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How to: Colour Block Your Bookshelves

DIY Projects Aug 27, 2012

In the event that you’re suffering from not-enough-to-do-syndrome or are aching for the theraputic effects of sorting all your books – why not go all Monica from Friends on your reading material and organise them by colour? Although not as functional as the usual author-last-name method of sorting books (library style) or as efficient as the stuffing-books-into-bookshelf-and-hoping-they-don’t-fall-out method (my personal favourite), the aesthetics of a colour blocked bookshelf can’t be beaten. Perfect for those of us who go for aesthetics over function and sort their closets in the same way. Got a spare few hours this coming weekend? Follow these steps.
How to colour block your bookshelves:
Step 1. Start by deciding the scale of your sorting – if you have a big collection of books it may be best to start with books in a particular room/on a particular shelf or ones you read / dont read. If in doubt, start small such as the books on your desk or one small shelf.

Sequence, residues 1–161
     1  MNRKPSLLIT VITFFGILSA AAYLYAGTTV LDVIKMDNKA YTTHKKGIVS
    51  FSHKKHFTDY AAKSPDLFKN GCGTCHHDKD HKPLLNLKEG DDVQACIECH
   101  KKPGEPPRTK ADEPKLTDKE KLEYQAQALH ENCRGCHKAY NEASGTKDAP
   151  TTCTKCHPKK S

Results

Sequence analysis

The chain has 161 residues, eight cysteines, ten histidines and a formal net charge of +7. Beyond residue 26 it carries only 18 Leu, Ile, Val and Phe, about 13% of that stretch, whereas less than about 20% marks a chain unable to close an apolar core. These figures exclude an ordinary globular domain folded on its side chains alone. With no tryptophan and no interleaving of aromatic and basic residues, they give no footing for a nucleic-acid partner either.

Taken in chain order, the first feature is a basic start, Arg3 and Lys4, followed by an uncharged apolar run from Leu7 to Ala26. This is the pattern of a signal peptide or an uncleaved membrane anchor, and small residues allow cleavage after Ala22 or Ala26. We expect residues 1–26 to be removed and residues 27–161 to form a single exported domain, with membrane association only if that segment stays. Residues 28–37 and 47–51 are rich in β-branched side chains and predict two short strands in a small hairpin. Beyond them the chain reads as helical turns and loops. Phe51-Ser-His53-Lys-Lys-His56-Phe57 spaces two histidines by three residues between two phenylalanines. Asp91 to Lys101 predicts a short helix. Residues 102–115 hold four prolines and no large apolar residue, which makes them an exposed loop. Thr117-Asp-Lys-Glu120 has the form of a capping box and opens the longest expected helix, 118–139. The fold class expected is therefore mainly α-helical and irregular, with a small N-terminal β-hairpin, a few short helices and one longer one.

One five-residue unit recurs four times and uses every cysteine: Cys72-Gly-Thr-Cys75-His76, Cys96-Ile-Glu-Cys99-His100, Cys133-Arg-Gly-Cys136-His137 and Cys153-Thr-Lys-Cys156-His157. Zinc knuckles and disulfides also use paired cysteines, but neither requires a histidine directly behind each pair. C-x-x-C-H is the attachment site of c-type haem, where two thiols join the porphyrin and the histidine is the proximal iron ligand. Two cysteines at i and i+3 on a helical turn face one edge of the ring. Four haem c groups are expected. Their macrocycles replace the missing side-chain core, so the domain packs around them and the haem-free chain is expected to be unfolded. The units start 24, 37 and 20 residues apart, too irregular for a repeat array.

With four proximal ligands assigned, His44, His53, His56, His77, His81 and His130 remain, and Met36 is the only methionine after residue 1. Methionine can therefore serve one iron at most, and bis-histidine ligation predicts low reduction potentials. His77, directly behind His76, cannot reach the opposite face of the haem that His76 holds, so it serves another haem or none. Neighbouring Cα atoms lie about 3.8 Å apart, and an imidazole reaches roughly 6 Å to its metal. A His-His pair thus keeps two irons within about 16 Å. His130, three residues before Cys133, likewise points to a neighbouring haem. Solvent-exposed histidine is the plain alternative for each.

Step 2. Pull all the chosen books off the shelf and put in piles on the floor, then start to sort by the colour of the spines (not the covers). You will probably have a range of different shades (for example pinks) amongst each colour.
Step 3. Once all the colours are roughly sorted, grade the shading of colours within each colour group.
Step 4. Decide how you are going to then place the books on the shelf, taking note of which colour has the most books and will take up the most space.
Step 5. It’s sometimes hard to decide what colours to put next to each other – certain colours like blue/green/yellow/orange/pink/red will transition easily, but black and browns and white spines you can put wherever you like. Or put the colours on the shelf randomly – it will still look great and sometimes is more natural than the rainbow look.
Have you got any other tips for sorting your books? Or do you think that the colour blocked bookshelves are too much?

Images: here, here, here, here, here, here, here.

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